Before getting thrown out of the house by the sudden expression of joy by mother earth in the form of a tremor, I did manage to watch two other dramas: “Poltu Bhai Swagotom” and “Out of Focus” at ATN Bangla, none of which was out of the ordinary. However, the drama Mother Nature staged on the eve of Eid was extraordinary for we had quite a pre-Eid Purnamilani (get-togather) with our apartment dwellers and neighbours on the street in our nightgowns. Having enough of drama for one night I decided to soothe my mind with some songs and NTV's old Eid programme “Ontorotoro Aaj Ganer Bhubone” provided just that with Runa Laila and Sabina Yesmin delivering some hit numbers along with some new ones.

On Eid day it wasn't until 10:30 am that I could take a short peek at the television programmes and found Keka Choudhury, the popular chef, sitting with a whole lot of models at Channel i's “Purabi Eid Ananda”, some sort of game show. I find it difficult to understand why the game shows at such magazine programmes always have to be so lame. Why in the world would one enjoy looking at models trying to separate fifteen different spices from the tiniest bowl possible? A game show is either supposed to thrill or amuse people and give them a sense of participation. Programme designers need to keep in mind that people watching the show in TV are not present in the stage.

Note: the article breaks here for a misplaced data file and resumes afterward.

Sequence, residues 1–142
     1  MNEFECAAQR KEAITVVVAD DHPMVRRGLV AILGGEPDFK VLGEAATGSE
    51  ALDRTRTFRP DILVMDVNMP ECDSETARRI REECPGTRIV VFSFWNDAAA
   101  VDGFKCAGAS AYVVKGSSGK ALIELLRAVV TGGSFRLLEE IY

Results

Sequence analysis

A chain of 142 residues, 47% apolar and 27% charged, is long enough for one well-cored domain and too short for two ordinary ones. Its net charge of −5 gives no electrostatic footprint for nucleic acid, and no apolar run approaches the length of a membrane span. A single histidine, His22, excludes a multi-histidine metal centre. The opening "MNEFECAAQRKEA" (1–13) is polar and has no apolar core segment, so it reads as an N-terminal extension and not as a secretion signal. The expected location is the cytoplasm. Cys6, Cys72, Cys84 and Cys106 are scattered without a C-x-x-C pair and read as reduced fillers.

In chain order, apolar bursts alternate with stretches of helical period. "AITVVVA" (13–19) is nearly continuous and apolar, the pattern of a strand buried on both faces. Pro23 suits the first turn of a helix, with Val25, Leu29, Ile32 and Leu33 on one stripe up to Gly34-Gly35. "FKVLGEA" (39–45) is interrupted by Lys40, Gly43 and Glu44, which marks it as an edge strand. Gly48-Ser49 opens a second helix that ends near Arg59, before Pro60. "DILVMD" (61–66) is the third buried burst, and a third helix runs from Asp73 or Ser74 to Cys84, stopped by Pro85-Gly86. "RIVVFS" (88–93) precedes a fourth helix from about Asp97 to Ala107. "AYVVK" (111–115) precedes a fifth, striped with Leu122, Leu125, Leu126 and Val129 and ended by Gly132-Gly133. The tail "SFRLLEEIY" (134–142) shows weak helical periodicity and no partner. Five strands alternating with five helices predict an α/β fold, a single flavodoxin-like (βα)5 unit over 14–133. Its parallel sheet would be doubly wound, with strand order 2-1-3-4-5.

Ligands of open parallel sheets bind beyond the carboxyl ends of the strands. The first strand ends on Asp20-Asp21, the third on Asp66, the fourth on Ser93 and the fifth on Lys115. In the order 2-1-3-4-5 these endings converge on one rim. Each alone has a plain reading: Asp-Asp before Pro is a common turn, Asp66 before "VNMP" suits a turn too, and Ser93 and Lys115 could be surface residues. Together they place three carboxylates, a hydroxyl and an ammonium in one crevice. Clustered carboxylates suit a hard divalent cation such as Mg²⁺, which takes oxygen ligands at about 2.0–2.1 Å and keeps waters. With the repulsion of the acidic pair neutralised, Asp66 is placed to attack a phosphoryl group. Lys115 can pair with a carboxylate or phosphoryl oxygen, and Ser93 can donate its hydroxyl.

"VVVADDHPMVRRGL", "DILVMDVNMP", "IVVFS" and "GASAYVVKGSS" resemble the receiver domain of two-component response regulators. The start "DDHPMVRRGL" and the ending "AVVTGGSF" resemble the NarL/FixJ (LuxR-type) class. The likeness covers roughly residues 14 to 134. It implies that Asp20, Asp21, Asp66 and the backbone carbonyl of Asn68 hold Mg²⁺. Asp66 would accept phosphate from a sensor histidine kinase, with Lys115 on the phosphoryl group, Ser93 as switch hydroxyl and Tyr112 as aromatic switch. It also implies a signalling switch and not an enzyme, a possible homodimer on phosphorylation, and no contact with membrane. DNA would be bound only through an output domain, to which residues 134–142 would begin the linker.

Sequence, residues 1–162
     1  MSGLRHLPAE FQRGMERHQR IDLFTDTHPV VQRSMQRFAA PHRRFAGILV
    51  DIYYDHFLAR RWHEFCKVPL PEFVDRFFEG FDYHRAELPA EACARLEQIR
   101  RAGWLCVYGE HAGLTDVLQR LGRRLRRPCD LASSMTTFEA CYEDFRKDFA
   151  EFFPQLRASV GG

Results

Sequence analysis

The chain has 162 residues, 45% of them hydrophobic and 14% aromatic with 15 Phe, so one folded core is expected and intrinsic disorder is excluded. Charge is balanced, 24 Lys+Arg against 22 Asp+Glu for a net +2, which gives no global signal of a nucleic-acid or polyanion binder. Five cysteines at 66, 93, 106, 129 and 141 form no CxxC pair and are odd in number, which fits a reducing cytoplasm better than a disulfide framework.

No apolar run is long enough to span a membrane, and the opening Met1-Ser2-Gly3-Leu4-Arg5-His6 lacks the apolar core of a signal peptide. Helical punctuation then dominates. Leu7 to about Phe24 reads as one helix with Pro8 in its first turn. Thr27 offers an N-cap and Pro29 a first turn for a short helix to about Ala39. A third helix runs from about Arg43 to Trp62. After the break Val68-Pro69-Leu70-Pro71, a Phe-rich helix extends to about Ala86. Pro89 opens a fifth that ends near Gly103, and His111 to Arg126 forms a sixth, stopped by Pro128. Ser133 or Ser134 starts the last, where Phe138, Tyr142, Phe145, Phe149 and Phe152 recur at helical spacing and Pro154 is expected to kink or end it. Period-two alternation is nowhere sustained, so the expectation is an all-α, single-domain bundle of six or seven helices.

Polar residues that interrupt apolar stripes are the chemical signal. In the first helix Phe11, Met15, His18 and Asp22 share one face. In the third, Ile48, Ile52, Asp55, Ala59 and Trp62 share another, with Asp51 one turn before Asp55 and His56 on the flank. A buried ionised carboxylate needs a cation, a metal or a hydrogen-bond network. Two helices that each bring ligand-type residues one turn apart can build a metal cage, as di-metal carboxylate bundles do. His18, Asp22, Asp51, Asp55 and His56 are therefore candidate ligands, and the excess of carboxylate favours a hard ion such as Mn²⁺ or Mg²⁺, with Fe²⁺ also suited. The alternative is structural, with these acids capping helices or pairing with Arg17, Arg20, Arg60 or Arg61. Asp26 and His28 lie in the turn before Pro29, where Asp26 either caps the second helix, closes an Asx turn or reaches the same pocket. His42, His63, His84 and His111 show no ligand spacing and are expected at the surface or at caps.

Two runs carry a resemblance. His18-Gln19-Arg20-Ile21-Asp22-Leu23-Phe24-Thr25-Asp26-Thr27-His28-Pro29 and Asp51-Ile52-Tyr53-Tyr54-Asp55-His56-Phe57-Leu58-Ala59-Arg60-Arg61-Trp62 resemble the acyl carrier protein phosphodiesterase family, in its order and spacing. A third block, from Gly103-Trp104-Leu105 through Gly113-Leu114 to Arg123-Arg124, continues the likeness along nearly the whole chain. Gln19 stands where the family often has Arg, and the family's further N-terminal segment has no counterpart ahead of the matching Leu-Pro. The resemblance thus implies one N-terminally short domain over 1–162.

Mosharraf Karim and Apurba have acted in most of the Eid dramas this year.

An interesting drama named “Tonu nai…..” on the issue of accidents and untimely deaths caused by unfit vessels that escape the eye of law and overloading of passengers, was aired on the morning of Eid day on Channel i. The distress expressed by Mossharaf Karim, who lost his love Tisha on one such accident and his helplessness in the entire situation was portrayed quite effortlessly.